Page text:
US intervenes in Iraq election row as feared militia waits in wings


Patrick Cockburn
London Independent
April 26, 2010

The United States is trying to resolve the growing crisis over the formation of a new Iraqi government, with a deal between current prime minister Nouri al-Maliki and his main rival Iyad Allawi under which each man would hold the post of prime minister for two years at the head of a coalition government, The Independent has learned.

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Fearful of growing political turmoil that would make it difficult or embarrassing to withdraw its remaining combat troops by August this year, as President Barack Obama has pledged, Washington has arranged talks about a joint government. The proposal is for Mr Maliki and Mr Allawi to split the four-year prime ministerial term, according to Dr Mahmoud Othman, who is a veteran member of the Baghdad parliament.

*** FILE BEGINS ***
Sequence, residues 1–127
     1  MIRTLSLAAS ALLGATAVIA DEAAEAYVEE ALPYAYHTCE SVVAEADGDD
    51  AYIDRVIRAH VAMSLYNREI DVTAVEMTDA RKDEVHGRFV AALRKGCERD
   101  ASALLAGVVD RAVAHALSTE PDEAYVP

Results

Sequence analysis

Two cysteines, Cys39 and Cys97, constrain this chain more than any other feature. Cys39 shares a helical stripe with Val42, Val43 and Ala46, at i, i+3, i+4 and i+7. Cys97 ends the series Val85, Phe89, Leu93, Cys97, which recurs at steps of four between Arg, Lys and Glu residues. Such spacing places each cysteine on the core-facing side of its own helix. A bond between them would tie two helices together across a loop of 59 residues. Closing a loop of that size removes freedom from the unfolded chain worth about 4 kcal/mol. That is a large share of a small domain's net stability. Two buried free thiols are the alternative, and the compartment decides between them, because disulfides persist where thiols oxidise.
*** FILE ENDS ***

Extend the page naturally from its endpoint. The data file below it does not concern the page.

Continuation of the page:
This weekend’s threat by the anti-American cleric Muqtada al-Sadr to send his much-feared Mehdi Army militia back onto the streets in the wake of Friday’s bomb attacks has only served to underline the growing crisis in Iraq since the inconclusive general election last month.

Mr Sadr said he would only reactivate his Shia militiamen under government control “to be formal brigades in the Iraqi army or police to protect shrines, mosques, markets, houses and cities”. But the return of the Mehdi Army would weaken the government and terrify Sunni Arabs in Iraq because of the role it played in the sectarian slaughter of 2006-7.

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